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Fresh round of curbs approved

By CHEN WEIHUA in Brussels | China Daily Global | Updated: 2023-02-27 10:25
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Representatives observe a minute of silence during a meeting of the United Nations Security Council, to mark the one-year anniversary of the Russia-Ukraine conflict, at UN headquarters in New York on Friday. EDUARDO MUNOZ/REUTERS

Russia says sanctions won't work as protests in Europe call for end to conflict

The European Union has approved its 10th round of sanctions against Russia after long haggling as demonstrations took place across Europe calling for peace talks and an end to the yearlong Russia-Ukraine conflict.

The EU approval was announced by the Swedish presidency of the EU Council on Friday less than two hours before the end of the one-year anniversary of the conflict.

"Our support for Ukraine is stronger than ever," the presidency said in a statement. "With its 10th sanctions package, the EU continues to show decisiveness by adopting several robust measures that hit Russia's economy and military capacity hard."

The new sanctions include expanding export restrictions on technological and industrial products regarded as vital to Russia's economy and military capability, including further export bans worth more than 11 billion euros ($11.6 billion).

Three Russian banks have been added to the list of entities subject to an assets freeze and a prohibition on making funds and economic resources available to the country.

The new sanctions also step up enforcement and anti-circumvention measures, including a new reporting obligation on Russian Central Bank assets. It also targets Iran's Revolutionary Guard for its alleged military aid to Russia.

The sanctions also ban two additional Russian media outlets, namely Arab-language subsidiaries of Russia Today and Sputnik, which the EU alleges are disseminating disinformation and propaganda.

There was heated debate among member states about whether the new sanctions should include a tougher ban on Russian synthetic rubber and sanctions on the country's nuclear industry, but all issues on which no agreement was reached were dropped from the new sanctions list so it could be adopted by the end of Feb 24, something the European Commission had promised.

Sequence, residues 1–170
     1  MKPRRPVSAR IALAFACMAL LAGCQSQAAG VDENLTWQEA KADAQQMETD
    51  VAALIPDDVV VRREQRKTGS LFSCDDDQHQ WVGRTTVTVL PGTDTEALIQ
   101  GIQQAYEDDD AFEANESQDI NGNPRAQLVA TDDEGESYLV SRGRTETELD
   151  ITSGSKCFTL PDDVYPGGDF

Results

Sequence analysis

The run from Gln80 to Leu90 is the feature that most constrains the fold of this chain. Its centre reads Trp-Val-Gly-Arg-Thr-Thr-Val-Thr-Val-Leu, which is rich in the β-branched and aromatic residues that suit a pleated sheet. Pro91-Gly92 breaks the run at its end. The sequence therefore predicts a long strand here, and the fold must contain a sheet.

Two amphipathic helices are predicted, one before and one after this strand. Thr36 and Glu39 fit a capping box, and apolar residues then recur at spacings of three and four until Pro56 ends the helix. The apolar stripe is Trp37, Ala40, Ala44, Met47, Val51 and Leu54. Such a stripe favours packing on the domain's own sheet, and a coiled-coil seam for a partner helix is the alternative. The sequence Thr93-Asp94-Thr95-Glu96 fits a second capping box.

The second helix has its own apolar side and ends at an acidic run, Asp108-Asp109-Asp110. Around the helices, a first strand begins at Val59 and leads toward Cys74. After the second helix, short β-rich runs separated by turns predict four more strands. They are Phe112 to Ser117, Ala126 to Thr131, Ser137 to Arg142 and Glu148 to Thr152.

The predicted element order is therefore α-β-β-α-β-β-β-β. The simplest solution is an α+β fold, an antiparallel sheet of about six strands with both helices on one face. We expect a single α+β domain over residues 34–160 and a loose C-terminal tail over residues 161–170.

All 27 member states must approve the sanctions for them to take effect.

The announcement of the EU sanctions came shortly after the US said it was imposing fresh sanctions targeting more than 100 entities in Russia and elsewhere.

On Friday the US Defense Department announced additional security assistance to Ukraine that includes several new unmanned aerial systems, a counter-unmanned aerial system to bolster Ukraine's defense and electronic warfare detection equipment.

Anatoly Antonov, the Russian ambassador to the United States, said the sanctions would have no impact.

Antonov said the new sanctions were "thoughtless" and designed to make Russia suffer.

As the West has ramped up pressure on Russia, Dmitry Polyansky, the country's first deputy ambassador to the United Nations, accused the West on Sunday of "cowboy" methods and "arm twisting" of some countries during a vote of the UN General Assembly last week demanding that Russia withdraw its troops from Ukraine.

The General Assembly called for a "comprehensive, just and lasting peace" and for Russia to withdraw its troops, with 141 votes in favor, 32 abstentions and seven objections.

"The methods of achieving the result are again 'cowboy'," Polyansky said.

A number of representatives from developing countries complained to the Russian mission about pressure from their Western colleagues who are allies of Kyiv, he said.

"According to our calculations, almost 30 pairs of arms were twisted."

While there is no end in sight to the Russia-Ukraine conflict, protesters in European capitals rallied at the weekend to demand peace in Ukraine.

Thousands of people demonstrated in Berlin on Saturday to condemn the government's supply of arms to Ukraine and called for peace talks to end the conflict.

Sahra Wagenknecht, a lawmaker of The Left party in Germany, said there was no place for neo-Nazis at the rally, but that anyone who wanted peace "with an honest heart" was welcome. She accused the German government of seeking to "ruin Russia" and said Moscow should be made an "offer" so peace talks could resume.

Some participants at the rally held banners with the slogan "Americans go home".

The author Alice Schwarzer, with Wagenknecht one of the organizers, said that it was time to look beyond Left and Right. The two women have launched a petition said to have garnered over 645,000 signatures.

Protesters jeered whenever Schwarzer and Wagenknecht mentioned the name of German Foreign Minister Annalena Baerbock, who has pushed for arms supplies to Ukraine.

Berlin police put the number of protesters at 13,000 at the Brandenburg Gate but organizers said 50,000 people had taken part.

A similar protest under the banner of Europe for Peace and Solidarity was held on Sunday afternoon in the center of Brussels, where both EU and NATO headquarters are located. Participants called for "active peace diplomacy".

"All diplomatic means must be deployed to initiate a de-escalation and bring the warring parties to a cease-fire with a view to talks leading to a just and lasting peace," the organizers said in a position statement.

Agencies contributed to the story.

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